But the main point is: As long as you leave a couple blue-producing lands open, you will never have to invest in protecting Phelddagrif, because it protects itself.
We’ll need to arm Phelddagrif with some serious teeth to get that general damage through:
Shards of Alara gave us the Exalted mechanic, which brings the pain with beatsticks like Rafiq and Jenara. Why not use their same tools?
Unlike Rafiq, the hippo beatdown isn’t predicated on speed, but rather, control. W/U/G is a tremendous colour combination capable of doing anything you want it to. Rather than focusing on making our general unblockable, like Rafiq, we’ll use all our colours to generate card advantage, deck manipulation and recursion.
Although having some global card advantage is politically useful, we’ll need some card draw that helps only us:
  • Demand (Supply//Demand): The multi-coloured tutor ability is incredibly strong.
  • Drift of Phantasms: Over a dozen cards in the deck are CMC 3. And many provide answers.
  • Harmonize: The deck’s colours lean heavily towards green, and I like to keep islands free for Phelddagrif.
  • Mind’s Eye
  • Mulldrifter

Ancestral Vision used to be in the deck, but for the times I really needed cards, it was far too slow.

White and green recursion is incredibly potent:

If you look at the decklist, you’ll see that many creatures have ETB abilities to work with recursion:
These creatures are very efficient in that they perform multiple roles simultaneously, saving you card slots and mana.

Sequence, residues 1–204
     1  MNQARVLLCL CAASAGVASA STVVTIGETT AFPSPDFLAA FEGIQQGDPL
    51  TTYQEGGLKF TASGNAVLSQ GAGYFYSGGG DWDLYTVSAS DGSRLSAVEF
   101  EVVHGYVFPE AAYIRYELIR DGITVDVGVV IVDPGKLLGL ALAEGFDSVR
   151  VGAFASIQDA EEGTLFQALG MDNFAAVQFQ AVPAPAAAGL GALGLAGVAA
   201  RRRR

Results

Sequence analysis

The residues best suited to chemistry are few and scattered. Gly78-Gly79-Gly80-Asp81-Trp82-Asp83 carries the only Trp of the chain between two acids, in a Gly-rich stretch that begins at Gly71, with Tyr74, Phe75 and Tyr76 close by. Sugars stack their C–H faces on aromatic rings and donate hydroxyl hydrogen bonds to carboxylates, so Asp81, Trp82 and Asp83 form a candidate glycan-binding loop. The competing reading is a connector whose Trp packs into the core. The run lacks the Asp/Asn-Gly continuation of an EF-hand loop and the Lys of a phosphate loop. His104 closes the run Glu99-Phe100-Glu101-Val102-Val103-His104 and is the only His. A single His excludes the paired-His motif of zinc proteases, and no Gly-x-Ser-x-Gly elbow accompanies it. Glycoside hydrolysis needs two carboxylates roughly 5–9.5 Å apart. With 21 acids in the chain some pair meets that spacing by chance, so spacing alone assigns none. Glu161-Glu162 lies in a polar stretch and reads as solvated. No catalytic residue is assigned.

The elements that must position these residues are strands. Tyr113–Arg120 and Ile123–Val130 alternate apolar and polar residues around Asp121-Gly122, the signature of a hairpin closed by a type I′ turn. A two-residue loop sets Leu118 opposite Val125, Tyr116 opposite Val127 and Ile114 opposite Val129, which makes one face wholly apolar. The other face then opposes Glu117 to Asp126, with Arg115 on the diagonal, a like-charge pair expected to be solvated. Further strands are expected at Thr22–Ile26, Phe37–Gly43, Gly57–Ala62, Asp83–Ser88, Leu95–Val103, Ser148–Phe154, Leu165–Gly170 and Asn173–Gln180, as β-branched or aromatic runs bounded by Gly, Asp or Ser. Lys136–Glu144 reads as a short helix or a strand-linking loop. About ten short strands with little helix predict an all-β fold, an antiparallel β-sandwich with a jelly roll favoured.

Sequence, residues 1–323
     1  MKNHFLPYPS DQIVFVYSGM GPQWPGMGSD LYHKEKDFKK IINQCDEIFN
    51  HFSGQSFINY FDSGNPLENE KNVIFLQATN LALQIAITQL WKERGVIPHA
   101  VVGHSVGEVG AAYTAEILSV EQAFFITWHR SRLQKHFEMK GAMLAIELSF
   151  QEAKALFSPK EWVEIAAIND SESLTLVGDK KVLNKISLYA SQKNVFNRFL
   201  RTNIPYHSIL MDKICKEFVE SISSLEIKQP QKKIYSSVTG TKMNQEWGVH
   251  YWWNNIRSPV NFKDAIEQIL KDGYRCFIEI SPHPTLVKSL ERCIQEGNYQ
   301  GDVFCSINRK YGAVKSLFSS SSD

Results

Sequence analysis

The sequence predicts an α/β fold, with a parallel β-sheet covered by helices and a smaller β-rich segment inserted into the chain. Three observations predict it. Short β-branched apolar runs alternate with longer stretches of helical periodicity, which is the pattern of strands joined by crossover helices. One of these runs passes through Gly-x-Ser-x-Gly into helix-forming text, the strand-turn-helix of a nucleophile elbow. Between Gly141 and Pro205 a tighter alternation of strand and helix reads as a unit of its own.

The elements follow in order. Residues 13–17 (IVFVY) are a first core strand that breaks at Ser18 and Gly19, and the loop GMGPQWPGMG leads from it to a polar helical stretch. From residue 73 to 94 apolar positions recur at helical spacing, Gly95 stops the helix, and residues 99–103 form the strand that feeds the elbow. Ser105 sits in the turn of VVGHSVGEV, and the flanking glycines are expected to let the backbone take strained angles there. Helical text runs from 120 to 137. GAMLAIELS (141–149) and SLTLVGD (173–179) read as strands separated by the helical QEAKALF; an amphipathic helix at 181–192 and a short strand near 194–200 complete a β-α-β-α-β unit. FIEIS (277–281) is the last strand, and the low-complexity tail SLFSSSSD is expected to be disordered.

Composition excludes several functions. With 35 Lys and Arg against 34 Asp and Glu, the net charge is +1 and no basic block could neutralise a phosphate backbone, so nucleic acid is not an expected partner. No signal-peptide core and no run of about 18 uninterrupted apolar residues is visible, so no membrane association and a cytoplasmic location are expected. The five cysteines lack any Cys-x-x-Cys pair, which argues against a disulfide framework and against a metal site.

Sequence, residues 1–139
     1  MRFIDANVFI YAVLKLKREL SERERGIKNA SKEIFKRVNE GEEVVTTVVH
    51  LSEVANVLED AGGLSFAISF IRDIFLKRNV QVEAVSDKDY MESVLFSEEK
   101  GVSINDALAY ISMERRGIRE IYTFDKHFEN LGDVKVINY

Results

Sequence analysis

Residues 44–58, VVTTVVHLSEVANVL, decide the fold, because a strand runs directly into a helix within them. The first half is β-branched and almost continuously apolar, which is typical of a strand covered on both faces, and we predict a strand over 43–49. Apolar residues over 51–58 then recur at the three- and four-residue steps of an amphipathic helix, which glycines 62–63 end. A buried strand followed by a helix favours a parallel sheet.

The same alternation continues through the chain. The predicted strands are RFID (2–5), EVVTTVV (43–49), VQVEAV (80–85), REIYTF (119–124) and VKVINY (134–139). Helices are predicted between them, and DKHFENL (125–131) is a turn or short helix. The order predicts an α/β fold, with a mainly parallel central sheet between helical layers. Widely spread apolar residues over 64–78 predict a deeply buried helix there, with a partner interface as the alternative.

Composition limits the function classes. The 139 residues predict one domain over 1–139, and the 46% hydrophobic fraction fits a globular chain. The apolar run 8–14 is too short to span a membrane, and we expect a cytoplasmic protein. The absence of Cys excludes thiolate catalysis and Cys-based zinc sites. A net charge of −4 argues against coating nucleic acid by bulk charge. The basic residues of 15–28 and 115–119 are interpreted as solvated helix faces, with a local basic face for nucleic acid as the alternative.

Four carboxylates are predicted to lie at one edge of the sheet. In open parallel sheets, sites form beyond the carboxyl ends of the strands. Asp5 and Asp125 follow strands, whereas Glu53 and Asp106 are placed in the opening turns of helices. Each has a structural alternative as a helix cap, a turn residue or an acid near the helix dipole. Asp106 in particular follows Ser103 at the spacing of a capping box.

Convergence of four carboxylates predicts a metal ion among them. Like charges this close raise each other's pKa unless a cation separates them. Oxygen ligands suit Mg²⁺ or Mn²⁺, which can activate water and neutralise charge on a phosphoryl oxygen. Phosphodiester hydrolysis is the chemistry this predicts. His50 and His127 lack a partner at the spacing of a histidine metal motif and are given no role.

Mass removal is necessary to balance keep the threat level manageable:
Versatile spot removal is also a necessity:
Lockdown-style control is generally not fun to play against, so Phelddagrif has to avoid being oppressive in its management of the board. The deck plays defensively until it can send in the hippo.
I’ve had no reason to play aggressively with this build. It’s meant to neutralize critical threats and outlast the other players with card advantage, going in for kills when the path is clear. Having a smooth early game is necessary to set up the mana base, because the deck is pretty greedy.
Because Phelddagrif itself is so mana-hungry, I wanted the rest of the deck to be easy to cast. Many of his supporting characters are small creatures, and since many of them, like Acidic Slime or Mulldrifter, have ETB abilities, their job is usually done once they hit the field. Others, like Glen Elendra Archmage, have reusable activated abilities that give you continual utility. It’s just a matter of avoiding overextension with your weenies, as board wipes are inevitable in EDH. Even then, there’s a good amount of recursion to make sure you get the most out of your dudes.
The focus on card draw, answers and recursion means that Phelddagrif is rarely caught off guard. The deck’s main win condition is getting in with general damage, and the rest of the deck supports that strategy. Of course, it is also possible to win with a Loxodon Warhammer attached to a Mulldrifter (quite the humourous sight), but that’s not as flashy or impacting as a double-striking Phelddagrif.